Sustainable Farming

You don’t need a person called an “operator” to manually connect cables and help you make a phone call. And farmers don’t use oxes or mules anymore either. Life in the 21st Century is pretty great. 

No matter where you look, technology’s promise is the same in every corner of our lives: more from less. High performance with minimal input. Better results through greater efficiency. More reliable output with fewer costs. Greater production with less waste.

This phenomenon is on dramatic display in American agriculture right now. Technology and innovation have improved yields while rolling back both environmental and financial costs from a generation or two ago. In 2013, farmers produced 14 billion bushels of corn on 87.5 million acres of land — twice as much per acre than 25 years ago.

They’re also doing it more sustainably than ever. Less irrigation. Less tilling, to protect soil carbon. Less pesticide, herbicide and fertilizer. Fewer passes across a field with farm equipment, which reduces diesel fuel consumption. And each new growing season, those improvements come with measureable data and concrete evidence of success —  thanks to the relentless advance of technology.

According to a study by Field to Market, the amount of land needed to produce one bushel of corn has dropped more than 37 percent since 1987. The amount of energy needed to produce that bushel has also dropped 37 percent since then.

This has helped accelerate ethanol along a positive environmental trajectory — cleaner and more sustainable fuel year after year. The same can’t be said of petroleum.

At the very time that ethanol is improving its environmental profile thanks to sustainable farming practices, petroleum extraction has become dirtier (Alberta Tar Sands), more difficult (deep water drilling in the gulf) and the subject of intense concern for its environmental dangers (the Keystone XL pipeline’s threat to the Oglala aquifer and the 2010 BP Oil Spill disaster in the Gulf of Mexico).

There are three notable reasons annual yields of field corn, the primary feedstock for most ethanol in the United States — and not a food crop — has exploded even as inputs like fertilizer, water, herbicide, and pesticides have diminished:

The rise of precision agriculture. The same digital technology that powers your smart phone and laptop computer is now hard at work revolutionizing agriculture. A combination of hardware, software, GPS or satellite-driven location-based services and data management known as “Precision Agriculture” has given incredible power to farmers to do more with less. Precision ag means farmer can now plant the right seeds in the right locations in the right soil on their fields with a margin of error less than an inch.  It also means he or she can very precisely apply fertilizer and crop protection products with astonishing control and accuracy. That means less waste.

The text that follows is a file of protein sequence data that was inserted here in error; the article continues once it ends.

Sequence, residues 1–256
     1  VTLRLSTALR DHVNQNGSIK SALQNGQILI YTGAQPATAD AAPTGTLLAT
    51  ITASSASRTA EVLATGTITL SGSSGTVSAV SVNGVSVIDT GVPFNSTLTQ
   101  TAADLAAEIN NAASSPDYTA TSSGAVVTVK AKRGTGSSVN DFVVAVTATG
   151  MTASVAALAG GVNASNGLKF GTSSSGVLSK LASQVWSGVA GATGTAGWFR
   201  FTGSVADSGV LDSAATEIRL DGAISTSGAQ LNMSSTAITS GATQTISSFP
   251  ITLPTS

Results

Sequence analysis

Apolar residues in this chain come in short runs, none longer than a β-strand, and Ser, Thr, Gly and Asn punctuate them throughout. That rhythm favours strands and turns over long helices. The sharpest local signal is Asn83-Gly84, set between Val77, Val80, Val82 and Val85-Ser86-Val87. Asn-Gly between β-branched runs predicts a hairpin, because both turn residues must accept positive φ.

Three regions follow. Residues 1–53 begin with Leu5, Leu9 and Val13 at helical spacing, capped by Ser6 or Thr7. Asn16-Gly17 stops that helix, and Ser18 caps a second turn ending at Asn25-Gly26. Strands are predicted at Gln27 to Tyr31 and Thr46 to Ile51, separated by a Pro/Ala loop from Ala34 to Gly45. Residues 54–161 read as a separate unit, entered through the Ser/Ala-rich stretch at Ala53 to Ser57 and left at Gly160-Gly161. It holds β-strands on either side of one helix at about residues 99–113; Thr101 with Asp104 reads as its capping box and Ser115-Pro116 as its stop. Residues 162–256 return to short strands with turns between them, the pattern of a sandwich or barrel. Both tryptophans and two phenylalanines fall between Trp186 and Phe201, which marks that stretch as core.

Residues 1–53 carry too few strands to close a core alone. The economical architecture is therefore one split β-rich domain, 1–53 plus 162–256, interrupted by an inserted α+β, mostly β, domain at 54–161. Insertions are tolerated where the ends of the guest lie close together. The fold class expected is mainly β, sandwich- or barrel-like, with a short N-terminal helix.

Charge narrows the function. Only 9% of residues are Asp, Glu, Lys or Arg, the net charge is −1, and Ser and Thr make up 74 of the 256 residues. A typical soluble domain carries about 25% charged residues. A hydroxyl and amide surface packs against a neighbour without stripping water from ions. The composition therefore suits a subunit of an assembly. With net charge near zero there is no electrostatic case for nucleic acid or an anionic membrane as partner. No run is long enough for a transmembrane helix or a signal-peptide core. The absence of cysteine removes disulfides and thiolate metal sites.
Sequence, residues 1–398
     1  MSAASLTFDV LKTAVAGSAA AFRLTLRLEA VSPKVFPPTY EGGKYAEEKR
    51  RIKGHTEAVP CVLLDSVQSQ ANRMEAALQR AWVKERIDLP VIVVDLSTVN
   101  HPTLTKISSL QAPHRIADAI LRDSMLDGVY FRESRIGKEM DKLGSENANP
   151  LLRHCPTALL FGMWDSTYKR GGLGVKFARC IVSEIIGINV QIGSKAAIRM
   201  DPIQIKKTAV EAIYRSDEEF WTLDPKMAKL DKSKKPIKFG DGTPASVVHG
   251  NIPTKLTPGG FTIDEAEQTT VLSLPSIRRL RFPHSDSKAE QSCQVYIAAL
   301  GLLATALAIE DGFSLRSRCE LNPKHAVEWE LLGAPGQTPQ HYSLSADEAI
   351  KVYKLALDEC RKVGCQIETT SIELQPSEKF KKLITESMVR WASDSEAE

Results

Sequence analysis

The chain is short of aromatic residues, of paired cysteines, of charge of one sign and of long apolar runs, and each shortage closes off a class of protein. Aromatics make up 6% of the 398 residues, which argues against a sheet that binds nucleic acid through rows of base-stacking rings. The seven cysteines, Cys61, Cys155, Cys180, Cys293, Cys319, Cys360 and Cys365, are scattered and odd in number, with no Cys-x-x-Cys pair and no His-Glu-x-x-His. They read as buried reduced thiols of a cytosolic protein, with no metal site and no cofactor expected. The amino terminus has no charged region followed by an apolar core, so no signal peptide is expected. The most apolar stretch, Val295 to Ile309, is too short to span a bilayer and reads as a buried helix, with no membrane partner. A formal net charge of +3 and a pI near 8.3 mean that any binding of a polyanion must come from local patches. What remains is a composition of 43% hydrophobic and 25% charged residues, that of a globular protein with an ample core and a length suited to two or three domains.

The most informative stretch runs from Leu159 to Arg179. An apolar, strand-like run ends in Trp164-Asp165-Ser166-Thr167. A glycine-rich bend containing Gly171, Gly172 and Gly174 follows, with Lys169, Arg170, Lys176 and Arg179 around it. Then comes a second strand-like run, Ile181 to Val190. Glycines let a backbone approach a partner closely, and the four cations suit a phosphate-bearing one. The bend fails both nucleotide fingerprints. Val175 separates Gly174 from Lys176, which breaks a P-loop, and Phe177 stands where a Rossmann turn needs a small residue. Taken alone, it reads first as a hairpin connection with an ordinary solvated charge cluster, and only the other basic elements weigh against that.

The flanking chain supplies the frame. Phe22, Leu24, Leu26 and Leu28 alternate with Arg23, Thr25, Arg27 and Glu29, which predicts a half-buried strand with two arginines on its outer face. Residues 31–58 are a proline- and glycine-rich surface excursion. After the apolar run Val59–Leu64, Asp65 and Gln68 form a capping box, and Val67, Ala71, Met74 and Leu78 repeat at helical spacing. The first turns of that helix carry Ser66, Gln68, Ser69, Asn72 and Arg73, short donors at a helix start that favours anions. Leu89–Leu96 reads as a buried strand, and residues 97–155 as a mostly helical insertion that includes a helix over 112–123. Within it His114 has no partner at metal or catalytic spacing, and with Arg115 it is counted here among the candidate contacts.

No-till farming and improved soil management. Tilling soil is an age-old weed, pest and irrigation management practice on farms around the world. But tilling can degrade soil organic matter, lead to compaction and accelerate soil erosion. More and more American farmers are using no- or low-till techniques that leave the ground undisturbed with crop residue left covering the field. That residue helps the soil retain moisture and simultaneously reduces the need for irrigation while significantly boosting yields. No-till farming improves soil organic matter content. That helps to sequester CO2 from the atmosphere and reduces the overall carbon footprint of the farm. According to the USDA, as much as one third (1/3) of US corn is grown in a no-till operation, a figure expected to rise.

Striking improvements in seed technology. Corn is unique among all crops in that it can be rapidly and very precisely bred for important traits — drought, pest and herbicide resistance, among many others. The revolution in biotechnology has meant we can grow more of this commodity with fewer inputs on the same amount of land. Seed technology is one of the most important breakthroughs to protect conversation lands, preserve habitat for native species and improve species diversity in the soil. The science has dramatically improved the productivity of each acre of existing farmland and is moving agriculture beyond the harsh crop protection chemistries of the past.

As these environmental practices improve and proliferate with every new growing season, the benefits continue to improve ethanol’s environmental profile.

In other words, conventional fuel and ethanol are moving in opposite directions.

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